EU warns Iran on uranium work ahead of pivotal meetingAgencies
Iran’s top nuclear negotiator insisted Thursday that bilateral talks should continue on a Russian offer to enrich uranium for Iran, and warned that handing over the nuclear issue to the UN Security Council â€” as the United States has demanded â€” would kill Moscow’s initiative.
“America is lying, trying to destroy the Russian proposal,” Ali Larijani said at a news conference. “The Americans’ insistence on handing over the Iranian nuclear dossier to the UN Security Council means the destruction of the Russian proposal.”
Larijani said his team had put forward a “package proposal” in Wednesday’s talks in Moscow, denying that the discussions had ended in failure. “We need to give diplomats time to look at it,” he said.
Russia has urged Iran to freeze its domestic uranium enrichment programme as a condition for its offer to create a joint venture to enrich uranium for Tehran on Russian territory. But Larijani reaffirmed Tehran’s refusal to give it up.
The point was reinforced by Iranian President Mahmoud Ahmadinejad, who said during a visit to Malaysia that “it is very clear that we are not open to negotiating on our inalienable rights.”
A Russian nuclear agency official, who spoke on condition of anonymity because he was not authorised to speak with the media, said the Moscow talks had snagged over Iran’s refusal to return to a moratorium on enrichment.
“They are ready in principle to accept our proposal, but we don’t want to discuss it separately” from the need for Iran to return to the moratorium, the official said.
Russia and Iran held further talks Thursday, which ended in the evening with no announcement of any progress, the Interfax news agency reported, quoting an unnamed official close to the negotiations.
The Iranian delegation later flew to Vienna, Austria, for talks with three European foreign ministers on Friday, said Russian Security Council spokeswoman Kseniya Roshchnina.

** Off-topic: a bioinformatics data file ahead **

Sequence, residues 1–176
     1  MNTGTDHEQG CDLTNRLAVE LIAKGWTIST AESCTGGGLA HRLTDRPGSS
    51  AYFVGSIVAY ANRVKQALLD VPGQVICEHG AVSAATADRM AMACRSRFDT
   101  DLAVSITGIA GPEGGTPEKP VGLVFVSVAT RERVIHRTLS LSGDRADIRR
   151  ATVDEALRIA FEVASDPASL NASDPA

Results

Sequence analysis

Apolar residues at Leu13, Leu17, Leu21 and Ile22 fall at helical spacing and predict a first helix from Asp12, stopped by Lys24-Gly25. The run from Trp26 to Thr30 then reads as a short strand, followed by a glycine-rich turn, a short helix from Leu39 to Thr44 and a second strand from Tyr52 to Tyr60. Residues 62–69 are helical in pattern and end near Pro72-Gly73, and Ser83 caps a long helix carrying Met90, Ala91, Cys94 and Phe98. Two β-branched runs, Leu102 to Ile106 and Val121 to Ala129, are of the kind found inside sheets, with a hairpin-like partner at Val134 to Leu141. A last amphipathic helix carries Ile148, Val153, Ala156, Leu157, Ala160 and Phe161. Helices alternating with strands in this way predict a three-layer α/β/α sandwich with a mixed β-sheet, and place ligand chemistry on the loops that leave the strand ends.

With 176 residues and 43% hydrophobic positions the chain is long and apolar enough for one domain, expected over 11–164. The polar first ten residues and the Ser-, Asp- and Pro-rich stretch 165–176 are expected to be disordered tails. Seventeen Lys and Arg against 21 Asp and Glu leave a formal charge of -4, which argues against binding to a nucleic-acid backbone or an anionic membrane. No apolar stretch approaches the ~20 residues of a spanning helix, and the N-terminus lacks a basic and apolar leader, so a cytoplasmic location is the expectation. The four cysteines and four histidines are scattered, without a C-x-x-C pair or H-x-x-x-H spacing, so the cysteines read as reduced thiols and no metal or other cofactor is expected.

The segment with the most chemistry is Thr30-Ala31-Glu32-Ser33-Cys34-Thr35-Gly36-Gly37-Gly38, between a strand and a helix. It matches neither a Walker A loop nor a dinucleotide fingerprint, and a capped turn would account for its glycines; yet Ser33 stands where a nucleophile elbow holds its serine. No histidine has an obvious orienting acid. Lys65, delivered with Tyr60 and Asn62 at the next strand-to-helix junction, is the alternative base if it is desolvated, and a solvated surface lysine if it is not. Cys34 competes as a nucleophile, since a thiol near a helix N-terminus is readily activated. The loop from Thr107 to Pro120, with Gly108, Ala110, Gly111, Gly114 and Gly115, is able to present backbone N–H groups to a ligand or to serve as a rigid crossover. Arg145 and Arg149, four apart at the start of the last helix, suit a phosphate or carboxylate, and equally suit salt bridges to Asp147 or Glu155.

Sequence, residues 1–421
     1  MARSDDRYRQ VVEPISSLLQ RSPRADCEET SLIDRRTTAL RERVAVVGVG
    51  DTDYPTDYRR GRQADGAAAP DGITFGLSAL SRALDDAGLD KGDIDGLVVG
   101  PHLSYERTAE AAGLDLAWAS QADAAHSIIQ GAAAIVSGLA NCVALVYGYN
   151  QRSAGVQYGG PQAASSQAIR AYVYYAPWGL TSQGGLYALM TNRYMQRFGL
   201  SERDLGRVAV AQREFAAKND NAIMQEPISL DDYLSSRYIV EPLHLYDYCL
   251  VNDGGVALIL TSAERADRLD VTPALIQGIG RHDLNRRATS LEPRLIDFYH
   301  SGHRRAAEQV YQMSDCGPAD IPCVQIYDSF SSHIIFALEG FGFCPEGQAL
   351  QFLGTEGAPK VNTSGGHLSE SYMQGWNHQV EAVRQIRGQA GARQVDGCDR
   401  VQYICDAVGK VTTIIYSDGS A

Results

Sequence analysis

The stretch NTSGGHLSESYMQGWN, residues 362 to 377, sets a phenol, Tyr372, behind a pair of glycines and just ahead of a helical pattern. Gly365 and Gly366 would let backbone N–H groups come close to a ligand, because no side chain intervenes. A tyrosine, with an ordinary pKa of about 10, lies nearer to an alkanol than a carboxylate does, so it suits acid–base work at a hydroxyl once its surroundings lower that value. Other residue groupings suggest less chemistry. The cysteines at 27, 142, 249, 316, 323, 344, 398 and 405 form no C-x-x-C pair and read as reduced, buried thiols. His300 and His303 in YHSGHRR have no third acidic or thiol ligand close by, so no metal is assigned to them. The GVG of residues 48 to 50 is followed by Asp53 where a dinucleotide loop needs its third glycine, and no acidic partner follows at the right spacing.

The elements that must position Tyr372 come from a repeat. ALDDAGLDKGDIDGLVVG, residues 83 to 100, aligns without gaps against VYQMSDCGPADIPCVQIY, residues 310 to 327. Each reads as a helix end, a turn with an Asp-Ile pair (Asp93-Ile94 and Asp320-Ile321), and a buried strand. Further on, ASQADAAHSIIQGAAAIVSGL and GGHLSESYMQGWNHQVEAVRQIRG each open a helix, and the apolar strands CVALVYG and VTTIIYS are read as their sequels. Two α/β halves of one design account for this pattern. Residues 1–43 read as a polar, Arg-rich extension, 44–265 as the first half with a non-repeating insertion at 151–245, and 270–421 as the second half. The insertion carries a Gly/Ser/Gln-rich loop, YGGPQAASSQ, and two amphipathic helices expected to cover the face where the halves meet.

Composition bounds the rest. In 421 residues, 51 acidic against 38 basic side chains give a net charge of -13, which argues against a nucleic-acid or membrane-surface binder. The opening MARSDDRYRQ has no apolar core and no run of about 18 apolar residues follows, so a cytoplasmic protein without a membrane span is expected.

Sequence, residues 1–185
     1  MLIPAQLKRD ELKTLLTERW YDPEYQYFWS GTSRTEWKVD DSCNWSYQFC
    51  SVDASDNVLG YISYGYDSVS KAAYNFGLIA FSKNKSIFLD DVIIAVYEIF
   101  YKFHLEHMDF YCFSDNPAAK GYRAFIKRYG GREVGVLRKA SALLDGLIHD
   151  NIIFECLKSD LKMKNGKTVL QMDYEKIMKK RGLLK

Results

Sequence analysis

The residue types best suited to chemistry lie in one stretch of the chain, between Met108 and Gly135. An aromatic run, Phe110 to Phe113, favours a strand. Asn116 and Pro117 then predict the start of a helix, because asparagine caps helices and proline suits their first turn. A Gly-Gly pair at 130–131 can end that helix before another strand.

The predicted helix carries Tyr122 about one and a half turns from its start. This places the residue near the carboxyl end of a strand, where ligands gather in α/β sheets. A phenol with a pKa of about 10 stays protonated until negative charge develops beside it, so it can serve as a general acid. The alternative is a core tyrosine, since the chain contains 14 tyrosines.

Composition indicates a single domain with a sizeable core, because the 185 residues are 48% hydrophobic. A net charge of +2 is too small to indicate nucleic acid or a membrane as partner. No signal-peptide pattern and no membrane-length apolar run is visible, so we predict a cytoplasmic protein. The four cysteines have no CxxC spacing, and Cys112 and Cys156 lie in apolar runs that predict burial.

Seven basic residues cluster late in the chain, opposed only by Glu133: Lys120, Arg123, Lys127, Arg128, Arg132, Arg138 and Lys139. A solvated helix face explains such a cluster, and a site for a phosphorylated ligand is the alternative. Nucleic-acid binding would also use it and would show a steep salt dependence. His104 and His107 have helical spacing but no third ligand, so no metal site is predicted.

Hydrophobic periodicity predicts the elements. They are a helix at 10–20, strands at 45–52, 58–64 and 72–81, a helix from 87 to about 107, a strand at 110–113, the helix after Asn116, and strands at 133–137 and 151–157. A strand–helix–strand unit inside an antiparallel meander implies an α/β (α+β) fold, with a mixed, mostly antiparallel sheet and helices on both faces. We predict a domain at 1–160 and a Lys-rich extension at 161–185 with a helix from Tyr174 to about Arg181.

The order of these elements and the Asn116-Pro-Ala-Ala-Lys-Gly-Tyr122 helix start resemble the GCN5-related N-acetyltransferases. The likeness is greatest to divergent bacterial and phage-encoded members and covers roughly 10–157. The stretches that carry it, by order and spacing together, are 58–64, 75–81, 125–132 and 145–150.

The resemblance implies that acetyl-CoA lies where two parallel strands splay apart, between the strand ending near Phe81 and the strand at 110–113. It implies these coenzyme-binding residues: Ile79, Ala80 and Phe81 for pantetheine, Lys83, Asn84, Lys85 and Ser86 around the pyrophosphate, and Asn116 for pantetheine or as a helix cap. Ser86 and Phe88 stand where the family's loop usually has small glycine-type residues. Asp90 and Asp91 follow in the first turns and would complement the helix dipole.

But in a letter to top Iranian nuclear negotiator Ali Larijani, the foreign ministers of Britain, France and Germany, as well as EU foreign policy chief Javier Solana warned that Iran must stop uranium enrichment and cooperate with UN nuclear inspections in order to ensure progress at Friday’s meeting.
Anything short of this would result in a public disagreement, which would set back our shared objectives,” they said in the letter obtained by Agence France- Presse.
The letter, which a diplomat said was delivered Tuesday to Larijani, sets out “in advance some of the considerations that will be critical for success,” the text said.
The other condition is “that Iran fully cooperates with the IAEA, including resuming voluntary application of the provisions of the Additional Protocol,” which allows for wider and more intrusive IAEA inspections, the letter said.
“In our judgement, for such a meeting to be productive, we would need to conclude with a clear public commitment from Iran to return immediately to the status quo ante,” the letter said, referring to a previous agreement by Tehran to suspend uranium enrichment.
In Washington, the US State Department said Thursday Iran had only itself to blame for referral of its activities to the UN Security Council.
Deputy spokesman Adam Ereli reaffirmed US support for Russia’s enrichment proposal and for European negotiations with Iran. “We see that diplomacy as a way out of this conundrum,” Ereli said.
Larijani said Tehran would conduct separate talks with Britain, France and Germany â€” which have represented the European Union in nuclear negotiations with Iran â€” before a key meeting of the International Atomic Energy Agency’s (IAEA) governing board on Monday.
The Vienna-based IAEA board of governors could start a process leading to punishment by the UN Security Council, which has the authority to impose sanctions on Iran.
Iran insists its nuclear program is only to generate power, but many in the West fear Iran is aiming to develop atomic weapons.
Moscow’s offer to have Iran’s uranium enrichment programme transferred to Russia has been backed by the United States and the EU as a way to provide more assurances that Tehran’s atomic programme could not be used to build weapons.
Larijani also said Tehran would accept inspections by the UN nuclear watchdog if the IAEA allowed it to pursue its nuclear programme.
Asked about IAEA chief Mohamed Baradei’s reported statement that the world may have to get used to the idea of Iran’s having limited enrichment capabilities, Larijani said it reflected a “realistic approach.” “I hope that people and ears can be found to listen to this proposal. I think that Mr. Baradei’s idea can be turned into a new formula, it can be studied,” he said.